Morrisons is a cultural phenomenon in Norwich. Whenever there’s a big event across the street at the stadium, whether it be the Norwich Football Club hosting an opponent or a music performance like Rod Stewart’s tonight, the place is heaving with people, either lining up at the café near the checkouts for a quick bite beforehand or wandering down the aisles looking for treats to take to the big show.
I’d planned to cycle to Morrisons to do a bit of shopping, not realizing Rod was performing in just a few hours. I have to pass right by the stadium to get to the grocery store, so out of curiosity, I cycled amongst the festive early crowds gathering in front. I then realized there was a whole section behind the stadium I didn’t know about, a temporary junk food haven, set up only for special events. I cycled past food kiosks with names like “The Finest Burger Bar (Hot Dogs Tasty and Hot,” “Hog Roast - The Great British Pork,” “Jilley’s Jacket Potatoes (Freshly Baked),” and everywhere in the air hung the enticing aroma of frying onions, so reminiscent of the PNE. People freely strolled around drinking beer out of clear plastic cups. I almost bought some fish and chips from “Friar Tuck's” kiosk because they actually looked really good. I thought for a moment too about buying a ticket and joining the happy crowd, and went to the ticket window where I was told there were still some left, going for £64. I just couldn’t justify the cost though.
Feeling right at home with this demographic, I pushed my bike through the crowd towards Morrisons. These people were mostly in my age group – some a bit younger, some older, some middle class and well dressed but there was a good smattering of the endearing Nearly Normal Norfolk Folk to save it from homogeneity. I saw a woman of about 75 with bleached and permed hair wearing red patent high heel shoes and bright red capris topped with a white cardigan, tottering smartly towards the stadium doors like there was no tomorrow.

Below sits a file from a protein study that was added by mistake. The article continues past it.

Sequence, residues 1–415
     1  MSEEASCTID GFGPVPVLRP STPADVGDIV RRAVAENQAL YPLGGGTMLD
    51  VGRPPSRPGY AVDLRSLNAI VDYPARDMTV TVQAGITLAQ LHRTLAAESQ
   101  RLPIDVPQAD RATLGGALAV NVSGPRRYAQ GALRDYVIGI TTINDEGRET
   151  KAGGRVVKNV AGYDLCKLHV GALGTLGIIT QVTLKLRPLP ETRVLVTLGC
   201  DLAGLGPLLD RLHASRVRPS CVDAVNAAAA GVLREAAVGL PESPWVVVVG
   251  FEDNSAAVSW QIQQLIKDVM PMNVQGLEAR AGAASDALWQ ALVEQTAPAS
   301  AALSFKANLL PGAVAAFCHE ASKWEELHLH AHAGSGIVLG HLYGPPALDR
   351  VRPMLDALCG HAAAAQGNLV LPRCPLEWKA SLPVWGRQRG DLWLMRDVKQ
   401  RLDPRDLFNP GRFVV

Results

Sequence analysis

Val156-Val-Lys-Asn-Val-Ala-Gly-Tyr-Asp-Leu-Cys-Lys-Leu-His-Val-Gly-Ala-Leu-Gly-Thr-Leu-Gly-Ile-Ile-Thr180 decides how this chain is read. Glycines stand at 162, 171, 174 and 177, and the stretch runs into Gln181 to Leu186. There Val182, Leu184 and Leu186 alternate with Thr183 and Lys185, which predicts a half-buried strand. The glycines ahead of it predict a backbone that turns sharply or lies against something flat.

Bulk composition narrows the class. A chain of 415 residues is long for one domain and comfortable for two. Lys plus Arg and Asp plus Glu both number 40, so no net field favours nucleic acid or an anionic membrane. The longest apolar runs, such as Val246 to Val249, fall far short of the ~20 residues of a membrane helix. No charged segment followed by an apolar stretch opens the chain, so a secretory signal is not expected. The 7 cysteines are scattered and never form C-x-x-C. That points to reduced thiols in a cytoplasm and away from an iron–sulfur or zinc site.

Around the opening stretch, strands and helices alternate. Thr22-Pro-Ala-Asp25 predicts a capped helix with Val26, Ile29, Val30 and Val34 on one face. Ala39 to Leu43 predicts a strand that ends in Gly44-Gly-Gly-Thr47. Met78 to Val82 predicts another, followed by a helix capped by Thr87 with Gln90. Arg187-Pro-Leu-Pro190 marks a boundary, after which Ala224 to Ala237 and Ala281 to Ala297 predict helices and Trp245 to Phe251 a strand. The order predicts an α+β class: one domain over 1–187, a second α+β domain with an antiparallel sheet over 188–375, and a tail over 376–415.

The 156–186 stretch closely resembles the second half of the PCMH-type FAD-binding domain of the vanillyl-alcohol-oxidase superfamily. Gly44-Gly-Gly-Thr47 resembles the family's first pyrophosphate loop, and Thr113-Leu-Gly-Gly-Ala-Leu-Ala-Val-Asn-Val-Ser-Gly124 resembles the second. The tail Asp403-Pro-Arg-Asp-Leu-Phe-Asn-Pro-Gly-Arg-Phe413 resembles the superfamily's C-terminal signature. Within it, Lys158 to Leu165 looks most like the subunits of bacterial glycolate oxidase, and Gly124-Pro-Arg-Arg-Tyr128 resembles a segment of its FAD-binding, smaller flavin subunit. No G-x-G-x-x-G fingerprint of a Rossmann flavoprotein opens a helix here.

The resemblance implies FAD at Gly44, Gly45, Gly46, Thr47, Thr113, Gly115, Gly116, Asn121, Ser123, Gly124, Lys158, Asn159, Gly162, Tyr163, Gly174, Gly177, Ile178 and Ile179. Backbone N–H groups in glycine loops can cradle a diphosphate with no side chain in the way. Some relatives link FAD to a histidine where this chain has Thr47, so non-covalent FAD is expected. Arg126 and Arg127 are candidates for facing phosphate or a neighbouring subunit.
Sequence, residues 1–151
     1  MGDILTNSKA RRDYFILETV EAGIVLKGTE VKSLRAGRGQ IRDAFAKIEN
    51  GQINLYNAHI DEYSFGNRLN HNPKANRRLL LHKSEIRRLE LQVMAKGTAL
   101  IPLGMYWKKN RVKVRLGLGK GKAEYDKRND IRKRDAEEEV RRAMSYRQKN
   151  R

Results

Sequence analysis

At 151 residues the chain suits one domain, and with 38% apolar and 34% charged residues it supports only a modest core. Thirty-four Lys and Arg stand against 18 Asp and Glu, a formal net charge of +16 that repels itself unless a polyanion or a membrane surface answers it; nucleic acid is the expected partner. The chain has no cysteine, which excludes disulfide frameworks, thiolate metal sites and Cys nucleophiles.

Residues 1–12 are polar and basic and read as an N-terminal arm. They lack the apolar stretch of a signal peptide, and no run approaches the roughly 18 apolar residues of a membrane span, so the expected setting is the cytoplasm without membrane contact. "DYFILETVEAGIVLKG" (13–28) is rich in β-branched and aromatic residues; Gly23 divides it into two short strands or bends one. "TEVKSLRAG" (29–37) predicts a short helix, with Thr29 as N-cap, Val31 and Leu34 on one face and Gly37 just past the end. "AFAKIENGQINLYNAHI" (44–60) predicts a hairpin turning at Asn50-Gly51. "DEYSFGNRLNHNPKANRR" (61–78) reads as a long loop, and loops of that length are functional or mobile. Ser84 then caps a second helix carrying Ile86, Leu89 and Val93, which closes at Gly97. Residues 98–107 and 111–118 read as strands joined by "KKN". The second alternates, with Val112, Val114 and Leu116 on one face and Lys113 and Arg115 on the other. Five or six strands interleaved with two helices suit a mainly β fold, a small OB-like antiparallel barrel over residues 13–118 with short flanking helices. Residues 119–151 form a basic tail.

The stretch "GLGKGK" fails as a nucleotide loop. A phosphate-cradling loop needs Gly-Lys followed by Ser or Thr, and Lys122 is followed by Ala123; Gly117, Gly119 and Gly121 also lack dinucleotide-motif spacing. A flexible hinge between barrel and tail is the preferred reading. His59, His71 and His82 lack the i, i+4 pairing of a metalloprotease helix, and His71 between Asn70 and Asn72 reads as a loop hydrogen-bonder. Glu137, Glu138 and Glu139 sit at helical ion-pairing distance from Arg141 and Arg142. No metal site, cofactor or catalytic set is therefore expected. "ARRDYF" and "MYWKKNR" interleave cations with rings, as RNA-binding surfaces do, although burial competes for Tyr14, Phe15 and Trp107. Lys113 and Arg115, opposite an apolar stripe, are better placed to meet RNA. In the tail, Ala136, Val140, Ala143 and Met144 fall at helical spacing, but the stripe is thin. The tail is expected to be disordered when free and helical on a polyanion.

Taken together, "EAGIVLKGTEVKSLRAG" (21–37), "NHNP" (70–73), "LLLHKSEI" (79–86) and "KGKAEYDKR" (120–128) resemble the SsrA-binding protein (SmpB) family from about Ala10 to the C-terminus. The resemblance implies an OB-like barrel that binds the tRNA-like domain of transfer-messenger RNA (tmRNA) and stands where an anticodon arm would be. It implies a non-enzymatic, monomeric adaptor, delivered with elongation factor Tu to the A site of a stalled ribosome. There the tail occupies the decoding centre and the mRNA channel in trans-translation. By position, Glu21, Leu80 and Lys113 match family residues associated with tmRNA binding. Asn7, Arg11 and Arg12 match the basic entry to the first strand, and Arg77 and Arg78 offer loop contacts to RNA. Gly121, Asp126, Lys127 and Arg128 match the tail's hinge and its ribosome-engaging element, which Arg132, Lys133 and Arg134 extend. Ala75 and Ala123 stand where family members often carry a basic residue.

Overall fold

After a quick pass through the food aisles at the grocery store, I headed out the doors with my Morrisons award winnng fresh linguine and “new” puttanesca sauce. Scores of people were sitting on benches in the sunshine, tucking into chicken legs dripping in BBQ sauce or stabbing at their macaroni salads with little white plastic forks, serviettes opened and flapping in the wind under the plastic food containers balanced on their laps. Some people, not so small in stature, perched themselves on concrete curbs in the parking lot, smoking, drinking, and laughing with friends, waiting for the event to begin across the street. And it was only 5:00 pm – at least three hours to show time. I worried they weren’t pacing themselves and would all peak too early, picturing a bunch of nodding off fans in front of poor Rod as he pranced across the stage, belting out all his old faves.
Once back at the flat, I opened the front windows when the show started and could hear the crowds singing and cheering alongside The Legend. Across the street, neighbours were standing on their front steps, enjoying a fag and tilting their heads towards the stadium. But the music was barely audible above the intermittent police sirens screaming along Prince of Wales Road, and I could just catch snippets of songs – a warbling version of “Tonight’s the Night” – enough to feel a stab of nostalgia, then “Sailing,” followed by a distorted “You’re in My Heart.” I reluctantly closed the window against the night sounds, and kind of wished I’d splurged and bought a ticket.